They are also as approachable as a member of your family or a lifelong friend.
(and somehow we respect that contribution even more)

....the fabulous
........the insurmountable
..............the incomparable
.................the MIGHTY MIGHTY DELLS
....................lets give them a great big round of applause

Listen to the Mighty Dells spokesperson CHUCK BARKSDALE, MICKEY MCGILL (MMDells) and ROBERT TOWNSAND address the following topics with the mainstream press: Five Heartbeats movie, Lack of radio airplay for Classic soul artists, current artists, other artists that should be in the RRHOF, their 50 years of longevity as a group and more...

--Bob Davis

3. Prince Burns Down The Waldorf Astoria @ 2004 Rock n' Roll Hall Of Fame Inductions

Prince Live Hey Yall,

I just got back from the RRHOF induction ceremonies at the Waldorf in Manhattan, and Prince did a mini concert that burned thru the hallowed ballroom of the Waldorf-Astoria hotel like a gonorrhea epidemic inside of a convent.

I watched Lenny Kraviz sitting there if full "rock star posture', and I'd be willing to bet that by the time Prince was thru, Kravitz was under his chair, quivering in the full knowledge that he will NEVER ON THE BEST DAY OF HIS LIFE match the intensity of what Prince displayed for all of the 'industry rock music establishment' who have been trying to hype the creatively unsuccessful career of Lenny Kravitz with their money machine for the past 10 years :)

In one fell swoop, just in case anyone in that 'lilly white audience' forgot that Rock n' Roll music was invented by African Americans, Prince reminded them of that during his incendiary set.

--(guess who)

--(guess who)

--Bob Davis

4. Concert Review: Prince (The Afterparty) At Club Black - NYC (3/15/04)

Prince Live

EYE was finally able to get inside Club Black 2 check out Prince at 1:45am (the show started at 1:15am). Prince performed D.M.S.R. (Dance, Music, Sex, Romance) among a fan crowd of approximately 2,000 people......the club was ridiculously packed! (The low point was the outrageous prices 4 drinks.....cola is $5.00??!! WHAT??!! Don't even bother trying 2 get cash 4 their ATMs....$5.99 fee 4 withdrawals??!!! This is definitely one place EYE'll never visit again!! And the way the owners packed the venue was outrageous.... EYE spent the first 25 minutes trying 2 find a spot 2 view Prince and the band...EYE was standing at the bar (away from the viewing area) trying 2 get 2 the main floor area, amidst a crowd of 150 or so people packed in like sardines!!)

The band threw down with Fred Wesley's "House Party", featuring the Purple 1 on some vocals! "Controversy" and "The Beautiful 1s" were good, especially the latter with Renato on beautiful piano and Maceo Parker on good saxophone. "Nothing Compares 2 U" was great with the amazing drumming of John Blackwell!! "Insatiable" was good and "Sign O' The Times" featured some intense drumming & percussion and some funky keyboardisms by Renato! "Question of U" had some serious lead guitar edge (by the 1 and only Prince).....that song segued into "The One"! "Let's Work" was a great funk workout 4 all the fans! "U Got The Look" was followed by a James Brown groove called "Hot Pants". Following that was Maceo Parker's "Uptown Up", featuring the amazing horn players, Maceo, Greg Boyer, Candy Dulfer (??) and another sax player!! Another vocalist came out and performed the classic "Soul Man".......great vocals and some frightening power bass riffs by Rhonda Smith!!!! "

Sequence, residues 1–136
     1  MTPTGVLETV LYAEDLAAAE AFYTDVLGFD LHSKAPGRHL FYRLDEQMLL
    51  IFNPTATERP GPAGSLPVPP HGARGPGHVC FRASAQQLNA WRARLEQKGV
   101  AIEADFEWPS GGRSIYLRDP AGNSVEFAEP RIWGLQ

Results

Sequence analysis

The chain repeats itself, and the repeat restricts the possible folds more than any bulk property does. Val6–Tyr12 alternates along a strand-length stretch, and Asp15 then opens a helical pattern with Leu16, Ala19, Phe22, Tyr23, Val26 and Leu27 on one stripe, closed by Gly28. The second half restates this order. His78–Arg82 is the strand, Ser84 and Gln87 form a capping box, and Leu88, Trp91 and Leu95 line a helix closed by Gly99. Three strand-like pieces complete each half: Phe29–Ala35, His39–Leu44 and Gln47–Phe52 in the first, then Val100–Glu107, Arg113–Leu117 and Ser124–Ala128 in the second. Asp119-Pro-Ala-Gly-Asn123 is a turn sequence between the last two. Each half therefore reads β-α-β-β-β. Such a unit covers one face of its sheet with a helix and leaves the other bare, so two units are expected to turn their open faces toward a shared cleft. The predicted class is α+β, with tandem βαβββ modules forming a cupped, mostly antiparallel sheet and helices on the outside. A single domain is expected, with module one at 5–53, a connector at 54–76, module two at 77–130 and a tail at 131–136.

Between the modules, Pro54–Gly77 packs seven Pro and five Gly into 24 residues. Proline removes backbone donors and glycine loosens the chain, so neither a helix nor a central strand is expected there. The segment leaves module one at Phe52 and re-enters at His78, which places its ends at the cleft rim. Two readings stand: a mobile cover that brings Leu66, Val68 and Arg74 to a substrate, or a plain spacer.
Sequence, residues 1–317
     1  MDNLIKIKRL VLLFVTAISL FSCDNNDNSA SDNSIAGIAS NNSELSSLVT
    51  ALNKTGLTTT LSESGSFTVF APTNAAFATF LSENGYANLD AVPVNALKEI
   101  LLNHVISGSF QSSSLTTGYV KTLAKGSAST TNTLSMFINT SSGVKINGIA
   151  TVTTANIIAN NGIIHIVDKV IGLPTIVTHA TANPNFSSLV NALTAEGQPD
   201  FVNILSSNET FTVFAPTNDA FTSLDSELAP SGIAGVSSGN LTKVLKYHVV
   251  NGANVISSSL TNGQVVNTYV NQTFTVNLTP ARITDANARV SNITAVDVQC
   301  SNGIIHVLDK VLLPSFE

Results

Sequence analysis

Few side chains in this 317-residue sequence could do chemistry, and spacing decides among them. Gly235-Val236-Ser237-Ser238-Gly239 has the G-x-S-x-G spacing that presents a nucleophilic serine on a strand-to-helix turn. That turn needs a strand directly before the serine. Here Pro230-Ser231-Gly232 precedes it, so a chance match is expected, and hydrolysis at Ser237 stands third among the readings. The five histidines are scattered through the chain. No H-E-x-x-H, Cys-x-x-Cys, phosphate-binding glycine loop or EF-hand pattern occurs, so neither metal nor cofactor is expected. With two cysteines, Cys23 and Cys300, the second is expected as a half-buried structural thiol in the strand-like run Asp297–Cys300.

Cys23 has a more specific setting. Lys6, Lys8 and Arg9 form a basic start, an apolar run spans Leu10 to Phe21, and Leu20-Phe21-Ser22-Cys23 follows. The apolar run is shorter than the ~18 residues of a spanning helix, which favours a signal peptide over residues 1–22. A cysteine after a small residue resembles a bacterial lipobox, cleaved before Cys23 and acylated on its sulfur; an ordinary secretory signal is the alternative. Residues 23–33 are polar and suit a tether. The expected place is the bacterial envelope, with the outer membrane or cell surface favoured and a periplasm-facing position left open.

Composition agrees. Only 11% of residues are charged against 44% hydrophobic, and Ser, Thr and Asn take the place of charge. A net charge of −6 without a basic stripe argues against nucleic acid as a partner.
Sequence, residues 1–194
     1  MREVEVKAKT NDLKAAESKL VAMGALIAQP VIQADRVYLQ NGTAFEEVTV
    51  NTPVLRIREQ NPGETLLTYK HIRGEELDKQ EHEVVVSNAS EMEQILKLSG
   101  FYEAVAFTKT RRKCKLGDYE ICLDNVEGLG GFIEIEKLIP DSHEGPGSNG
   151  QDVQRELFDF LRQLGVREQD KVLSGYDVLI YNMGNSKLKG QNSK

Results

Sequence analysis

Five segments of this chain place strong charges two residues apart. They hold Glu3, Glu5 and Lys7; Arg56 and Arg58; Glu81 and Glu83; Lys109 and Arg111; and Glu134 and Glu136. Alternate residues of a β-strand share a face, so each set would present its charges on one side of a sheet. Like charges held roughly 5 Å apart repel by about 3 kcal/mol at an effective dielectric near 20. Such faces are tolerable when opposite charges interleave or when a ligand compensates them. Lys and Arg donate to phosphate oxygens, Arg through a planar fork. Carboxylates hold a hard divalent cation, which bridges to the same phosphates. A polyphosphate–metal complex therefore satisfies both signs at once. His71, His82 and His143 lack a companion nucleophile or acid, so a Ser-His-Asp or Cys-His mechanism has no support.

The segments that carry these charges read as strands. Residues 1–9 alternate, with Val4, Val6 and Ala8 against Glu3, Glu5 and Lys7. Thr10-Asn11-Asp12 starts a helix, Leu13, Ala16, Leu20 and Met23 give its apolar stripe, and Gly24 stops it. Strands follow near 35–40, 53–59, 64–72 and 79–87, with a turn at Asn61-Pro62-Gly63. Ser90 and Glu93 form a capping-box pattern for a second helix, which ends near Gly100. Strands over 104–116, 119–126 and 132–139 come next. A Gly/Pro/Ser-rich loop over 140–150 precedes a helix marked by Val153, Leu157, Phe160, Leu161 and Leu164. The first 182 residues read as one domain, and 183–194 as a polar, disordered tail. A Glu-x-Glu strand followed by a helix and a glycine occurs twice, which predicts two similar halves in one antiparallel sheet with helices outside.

Kiss" was the funky rhythm guitar ending 2 the afterparty event at 3:15am. People were still waiting 4 some more of the Purple 1, but it didn't happen.

--David Brooks

5. Rock N' Roll Hall Of Fame Inductions: Is It Racism Or Memorex?


Once again I have to remind everyone here that when we discuss the Rock n' Roll Hall of Fame, there are really two distinct entities at work here and you have to keep that in mind:
1. The people who run the Rock n' Roll Hall of Fame Inductions (ROLLING STONE MAGAZINE AND VH-1) do a terrible job of selecting the artists to be inducted and treat the ones they do induct terribly.
2. The people who run the great museum in Cleveland, which accurately documents the truth about the evolution of rock n' roll music as an American art form.

Dealing with these two entities is actually like night and day. They are both connected and disconnected with each other, and that seems to be a tragedy, since there is much good that would result if things were different

Before I get started with this, I need to furnish you all with a definition of the word MEMORY. Please bear with me on this one, I really am going someplace with this...

The mental faculty of retaining and recalling past experience.
The act or an instance of remembering; recollection: spent the afternoon lost in memory.
All that a person can remember: It hasn't happened in my memory.
Something remembered: pleasant childhood memories.
The fact of being remembered; remembrance: dedicated to their parents' memory.
The period of time covered by the remembrance or recollection of a person or group of persons:within the memory of humankind.
Biology. Persistent modification of behavior resulting from an animal's experience.

Now that definition and the examples come straight from the dictionary so take it for what it's worth, but I can certainly buy that as a comprehensive definition for the word...

Lets examine the primary definition: 'The mental faculty of retaining and recalling past experience.'

Now lets take one of the examples and see if we can apply it's usage correctly...
'All that a person can remember: It hasn't happened in my memory.'